I think investors are coming here and seeing talent in some of the areas where historically there were a lot of strengths in the corporate sector. There is a lot of talent here around healthcare, enterprise software, and food and agriculture. There’s a lot of talent that are doing entrepreneurial things that might not always be the classic unicorn venture headline but are building really interesting businesses. The Twin Cities has staked a claim in solving meaningful problems and that stems from the healthcare background and computing history in the Twin Cities and really building over the long-term businesses that solve important problems.

How do you all approach the idea or philosophy of teaching entrepreneurship in a university and business school setting?

I think it’s better defined now as a process that can be learned but it’s also a mindset and orientation that I hope we impact all of our students throughout their lives. The biggest change I’ve seen here over the past 16 years is a real shift amongst students wanting to use entrepreneurship as a means to make an impact through their careers. They’re a lot less interested in a paycheck from a company or a lot of them from a potential windfall of a startup exit. Part of the education, I hope, influences them in that direction but I also think it’s a broader generational trend, which is very positive. At the MBA level, we’re seeing a lot more students wanting to come back and develop mission-driven new ventures or long-term projects that they’ll be able to work on long after they’re done with school. We starting to see students come specifically to the University of Minnesota to get involved in food and ag or supporting a vibrant nonprofit and volunteer community.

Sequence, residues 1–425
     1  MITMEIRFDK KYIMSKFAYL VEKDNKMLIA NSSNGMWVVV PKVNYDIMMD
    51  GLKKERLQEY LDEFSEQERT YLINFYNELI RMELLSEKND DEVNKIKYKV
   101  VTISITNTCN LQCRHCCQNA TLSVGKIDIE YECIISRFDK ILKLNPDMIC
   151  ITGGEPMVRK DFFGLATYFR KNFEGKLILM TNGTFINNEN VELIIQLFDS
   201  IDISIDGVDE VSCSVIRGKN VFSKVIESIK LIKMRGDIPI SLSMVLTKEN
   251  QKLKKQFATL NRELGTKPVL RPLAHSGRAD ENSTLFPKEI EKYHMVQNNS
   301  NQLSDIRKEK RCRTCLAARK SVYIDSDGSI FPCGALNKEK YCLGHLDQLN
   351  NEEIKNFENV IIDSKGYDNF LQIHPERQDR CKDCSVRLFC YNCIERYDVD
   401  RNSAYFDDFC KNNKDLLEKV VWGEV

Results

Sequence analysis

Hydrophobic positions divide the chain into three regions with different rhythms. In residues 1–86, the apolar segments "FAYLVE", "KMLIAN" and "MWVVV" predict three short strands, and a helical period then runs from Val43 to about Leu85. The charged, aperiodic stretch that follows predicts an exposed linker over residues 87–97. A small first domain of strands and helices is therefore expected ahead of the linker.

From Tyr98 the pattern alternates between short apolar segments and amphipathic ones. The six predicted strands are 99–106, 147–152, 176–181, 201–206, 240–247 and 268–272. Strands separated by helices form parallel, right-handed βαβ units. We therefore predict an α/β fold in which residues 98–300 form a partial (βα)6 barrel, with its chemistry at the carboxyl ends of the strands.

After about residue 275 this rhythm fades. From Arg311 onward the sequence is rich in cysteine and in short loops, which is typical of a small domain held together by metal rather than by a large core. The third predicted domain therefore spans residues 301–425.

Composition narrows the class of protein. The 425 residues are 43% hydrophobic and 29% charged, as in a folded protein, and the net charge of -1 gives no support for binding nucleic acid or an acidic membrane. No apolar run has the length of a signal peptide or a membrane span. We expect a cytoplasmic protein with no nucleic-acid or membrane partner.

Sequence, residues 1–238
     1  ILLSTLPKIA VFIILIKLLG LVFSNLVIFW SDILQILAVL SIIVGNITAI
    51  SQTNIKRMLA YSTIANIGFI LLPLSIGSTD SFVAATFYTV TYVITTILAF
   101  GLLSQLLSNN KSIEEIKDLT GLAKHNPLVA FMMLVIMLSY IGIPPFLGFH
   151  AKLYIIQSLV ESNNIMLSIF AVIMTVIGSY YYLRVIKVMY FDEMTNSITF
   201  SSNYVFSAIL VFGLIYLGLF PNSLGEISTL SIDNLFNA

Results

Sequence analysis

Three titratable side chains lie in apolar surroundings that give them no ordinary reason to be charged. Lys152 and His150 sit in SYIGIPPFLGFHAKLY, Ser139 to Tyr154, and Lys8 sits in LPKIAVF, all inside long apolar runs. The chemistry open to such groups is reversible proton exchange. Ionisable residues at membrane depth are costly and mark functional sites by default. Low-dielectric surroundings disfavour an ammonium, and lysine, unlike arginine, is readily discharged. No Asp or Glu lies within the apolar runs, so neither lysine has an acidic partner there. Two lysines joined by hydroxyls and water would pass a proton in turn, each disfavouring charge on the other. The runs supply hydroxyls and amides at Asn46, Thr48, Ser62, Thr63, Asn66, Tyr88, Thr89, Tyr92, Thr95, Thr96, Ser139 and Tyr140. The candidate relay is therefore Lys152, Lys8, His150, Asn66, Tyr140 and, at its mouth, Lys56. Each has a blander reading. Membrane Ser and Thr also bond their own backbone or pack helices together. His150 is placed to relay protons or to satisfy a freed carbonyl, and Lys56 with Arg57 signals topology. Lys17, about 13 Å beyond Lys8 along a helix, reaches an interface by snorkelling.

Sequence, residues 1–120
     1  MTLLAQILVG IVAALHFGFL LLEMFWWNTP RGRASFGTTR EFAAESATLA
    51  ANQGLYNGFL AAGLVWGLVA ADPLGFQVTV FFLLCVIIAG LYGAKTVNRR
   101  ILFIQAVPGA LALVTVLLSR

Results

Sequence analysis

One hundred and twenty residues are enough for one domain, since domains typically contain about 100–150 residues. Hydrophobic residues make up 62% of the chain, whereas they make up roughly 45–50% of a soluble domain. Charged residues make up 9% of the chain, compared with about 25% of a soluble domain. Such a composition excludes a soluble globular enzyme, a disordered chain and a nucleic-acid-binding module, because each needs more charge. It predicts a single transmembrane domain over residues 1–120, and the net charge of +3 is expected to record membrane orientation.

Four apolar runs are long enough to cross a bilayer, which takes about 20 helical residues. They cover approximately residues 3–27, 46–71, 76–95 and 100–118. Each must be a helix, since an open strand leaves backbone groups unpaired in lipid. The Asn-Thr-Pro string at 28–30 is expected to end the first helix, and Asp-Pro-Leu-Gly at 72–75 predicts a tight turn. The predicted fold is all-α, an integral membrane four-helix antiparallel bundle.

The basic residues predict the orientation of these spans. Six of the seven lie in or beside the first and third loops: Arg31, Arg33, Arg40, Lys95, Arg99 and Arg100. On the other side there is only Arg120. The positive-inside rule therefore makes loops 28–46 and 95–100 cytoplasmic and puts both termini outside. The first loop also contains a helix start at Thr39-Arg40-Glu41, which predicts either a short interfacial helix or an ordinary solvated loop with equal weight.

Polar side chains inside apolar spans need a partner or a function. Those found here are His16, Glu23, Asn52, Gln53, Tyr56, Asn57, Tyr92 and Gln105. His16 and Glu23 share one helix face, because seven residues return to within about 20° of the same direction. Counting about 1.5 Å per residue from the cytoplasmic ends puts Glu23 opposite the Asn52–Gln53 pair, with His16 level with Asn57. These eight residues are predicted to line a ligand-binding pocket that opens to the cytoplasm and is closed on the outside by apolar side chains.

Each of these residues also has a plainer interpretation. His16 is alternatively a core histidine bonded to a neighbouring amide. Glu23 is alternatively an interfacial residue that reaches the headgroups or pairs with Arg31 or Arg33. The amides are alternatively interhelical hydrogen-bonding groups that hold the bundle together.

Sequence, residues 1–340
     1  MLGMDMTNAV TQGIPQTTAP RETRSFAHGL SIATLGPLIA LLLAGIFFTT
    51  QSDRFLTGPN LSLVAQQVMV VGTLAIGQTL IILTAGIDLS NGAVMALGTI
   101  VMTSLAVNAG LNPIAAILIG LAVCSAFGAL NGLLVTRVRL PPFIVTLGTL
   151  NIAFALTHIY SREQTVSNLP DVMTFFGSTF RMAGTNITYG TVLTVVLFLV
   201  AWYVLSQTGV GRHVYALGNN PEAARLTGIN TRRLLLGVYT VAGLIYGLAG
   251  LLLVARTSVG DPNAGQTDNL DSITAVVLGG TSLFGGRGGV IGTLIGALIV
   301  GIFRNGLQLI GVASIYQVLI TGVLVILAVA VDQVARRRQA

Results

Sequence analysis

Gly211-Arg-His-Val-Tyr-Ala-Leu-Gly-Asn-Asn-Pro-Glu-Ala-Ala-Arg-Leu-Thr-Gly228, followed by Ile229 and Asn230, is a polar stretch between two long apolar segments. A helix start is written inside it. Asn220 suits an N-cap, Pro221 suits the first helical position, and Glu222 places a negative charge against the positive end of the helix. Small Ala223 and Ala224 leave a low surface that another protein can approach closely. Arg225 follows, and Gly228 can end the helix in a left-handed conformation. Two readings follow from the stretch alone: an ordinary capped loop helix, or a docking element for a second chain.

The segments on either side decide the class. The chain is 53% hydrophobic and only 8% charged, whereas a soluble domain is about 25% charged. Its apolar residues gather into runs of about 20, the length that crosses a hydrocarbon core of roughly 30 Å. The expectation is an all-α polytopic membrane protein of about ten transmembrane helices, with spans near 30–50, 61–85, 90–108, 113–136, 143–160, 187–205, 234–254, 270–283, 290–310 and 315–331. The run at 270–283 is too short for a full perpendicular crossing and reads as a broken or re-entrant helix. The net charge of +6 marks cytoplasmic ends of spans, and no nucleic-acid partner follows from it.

Those factors combined with a really supportive community and what we’ve built in terms of being able to coach the students and help them through the process. We’re seeing students coming here specifically to use the MBA program as a platform to launch their new ventures.

Best In Class:  The Top B-Schools For Entrepreneurship

THE WORLD’S BEST MBA PROGRAMS FOR ENTREPRENEURSHIP

THE MOST DISRUPTIVE MBA STARTUPS OF 2019

BEST MBA PROGRAMS FOR ENTREPRENEURSHIP: THE DATA DUMP

HOW WASH U BUILT AN ENTREPRENEURIAL POWERHOUSE

BEHIND STANFORD GSB’S STARTUP FACTORY

IS MINNESOTA CARLSON THE BEST-KEPT ENTREPRENEURIAL SECRET?

20 YEARS LATER, MICHIGAN ROSS CONTINUES ENTREPRENEURIAL BUILD 

THE FUTURE OF ENTREPRENEURSHIP EDUCATION IS IN…CAROLINA?